Referring now to FIG. 5, an alternate embodiment of the present closure 10 is generally designated 50. Components shared with the closure 10 are designated with identical reference numbers. A main distinguishing feature of the closure 50 is that the first port 24 is disposed at a non-vertical or oblique angle α relative to the second port 26, and further that the first and second ports 24, 26 are each oriented at specified oblique angles β and γ relative to the upper base surface 22. In the preferred embodiment, the angles α, β and γ are distinct from each other, however it is contemplated that they may vary to suit the application. The result of these angles is that the respective outlet end 28 and the inlet end 30 are further displaced from each other to reduce the chances for clinicians to mistakenly add medicine to the wrong port 24, 26, or to make unwanted contact between the respective ports, or to the spike or needle used for making fluid connections to the respective ports. Also, orienting the ports 24, 26 in this angular manner maintains the desired structural integrity of the base 12. Another distinguishing feature of the closure 50 is that the first port 24 includes a spike sleeve 52 secured in the passageway 34 near the outlet end 28, which is a known alternative to the sleeves, 42, 44, 48 discussed above.

Referring to FIGS. 6-8, vertical cross-sections are shown for variations of the closures 10, 50 and 60 (FIG. 7) in all of which a conventional administrative spike 62 is operationally and sealingly disposed in the first port 24, and a medicinal injection needle 64 is shown sealingly disposed in the second port 26. Referring briefly to FIG. 7, in the closure 60, in which features shared with the other closures are represented with identical reference numbers, the first port 24 extends generally vertically or perpendicularly from the base 16, and the second port 26 extends at an oblique angle relative to the base. It should be noted that in all of the variations of the present closure, 10, 50, 60, using at least one of the distinguishable height and the distinguishable angle of the ports 24, 26 relative to each other and/or to the base 16, respective tips 66, 68 of the spike 62 and the needle 64 are kept separated from each other, to reduce the chances of causing unwanted cross-contamination or other contact. While the present embodiments depict the spike 62 engaged in the first port 24 and the needle 64 engaged in the second port 26, it is contemplated that the arrangement is reversible. A feature of the present closures 10, 50, 60 is that this desired separation of the tips 66, 68 is maintained even within the dimensional constraints of the container neck 14, and while simultaneously providing sufficient surface area on the base 16 so that a positive attachment with the container neck is achieved, and that inadvertent contact of the spike 62 or the needle 64 with the mouth of the container is avoided.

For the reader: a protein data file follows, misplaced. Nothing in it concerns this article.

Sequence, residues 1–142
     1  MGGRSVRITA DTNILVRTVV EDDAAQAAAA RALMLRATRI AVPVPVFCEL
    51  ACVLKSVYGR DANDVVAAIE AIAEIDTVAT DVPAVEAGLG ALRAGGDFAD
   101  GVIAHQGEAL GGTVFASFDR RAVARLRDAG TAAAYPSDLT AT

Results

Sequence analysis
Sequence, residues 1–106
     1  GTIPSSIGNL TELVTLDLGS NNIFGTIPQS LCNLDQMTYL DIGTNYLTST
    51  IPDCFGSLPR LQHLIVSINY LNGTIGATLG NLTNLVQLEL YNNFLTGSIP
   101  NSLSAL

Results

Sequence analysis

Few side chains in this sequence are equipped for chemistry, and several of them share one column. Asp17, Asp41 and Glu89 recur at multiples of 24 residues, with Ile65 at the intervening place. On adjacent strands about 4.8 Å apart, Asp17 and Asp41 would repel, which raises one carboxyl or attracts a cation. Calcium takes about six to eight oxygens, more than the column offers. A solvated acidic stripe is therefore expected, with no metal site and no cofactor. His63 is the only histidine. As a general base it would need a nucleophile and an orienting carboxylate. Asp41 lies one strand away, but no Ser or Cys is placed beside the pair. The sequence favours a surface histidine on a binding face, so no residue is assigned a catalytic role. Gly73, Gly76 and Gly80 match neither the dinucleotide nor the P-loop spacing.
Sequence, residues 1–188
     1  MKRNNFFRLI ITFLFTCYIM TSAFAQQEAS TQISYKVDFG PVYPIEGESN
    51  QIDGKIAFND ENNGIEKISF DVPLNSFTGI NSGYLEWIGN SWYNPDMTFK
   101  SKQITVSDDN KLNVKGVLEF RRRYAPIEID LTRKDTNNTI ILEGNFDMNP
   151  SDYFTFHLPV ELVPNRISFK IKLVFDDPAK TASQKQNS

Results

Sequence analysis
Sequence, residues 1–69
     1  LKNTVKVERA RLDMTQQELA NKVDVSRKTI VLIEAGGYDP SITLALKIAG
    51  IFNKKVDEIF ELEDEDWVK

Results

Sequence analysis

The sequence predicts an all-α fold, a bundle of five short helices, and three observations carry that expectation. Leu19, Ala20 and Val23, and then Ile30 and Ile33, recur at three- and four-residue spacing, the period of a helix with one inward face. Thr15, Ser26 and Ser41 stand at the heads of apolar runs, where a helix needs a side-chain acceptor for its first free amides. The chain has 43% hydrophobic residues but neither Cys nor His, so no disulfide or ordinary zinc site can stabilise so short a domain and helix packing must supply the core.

Referring now to FIGS. 9-13, another port orientation is presented. FIGS. 9 and 11 for comparison purposes depict respectively a plan and vertical cross-section view of the closure 60, also seen in FIG. 7, with the first port 24 taller than the second port 26, the first port extending generally perpendicular to the base 16, and the second port extending obliquely to the base. Another alternate embodiment of the present closure is shown in FIGS. 10 and 12, generally designated 70. Components shared with the other closure embodiments are designated with identical reference numbers. A main feature of the closure 70 is that the second port 26 is oriented at a “compound angle” relative to the first port. Vertical axes of the admin and med ports 24, 26 in FIGS. 5-9 lie in one plane and the orientation of port axes can be described by a single angle α. The axes of the admin and med ports 24, 26 with a “compound angle” in FIGS. 10 and 12 do not lie in the same or a common plane; hence, two angles are necessary to describe the orientation of the port axes. Angle α describes their orientation when the axes are projected to a first plane, and angle D (FIG. 10) describes their orientation when projected to another plane normal to the first plane, As illustrated in FIG. 13, this compound angle orientation further spaces the needle tip 68 from the spike tip 66. It is contemplated that the magnitude of angles α and D, and the lengths of each port, may vary to suit the situation.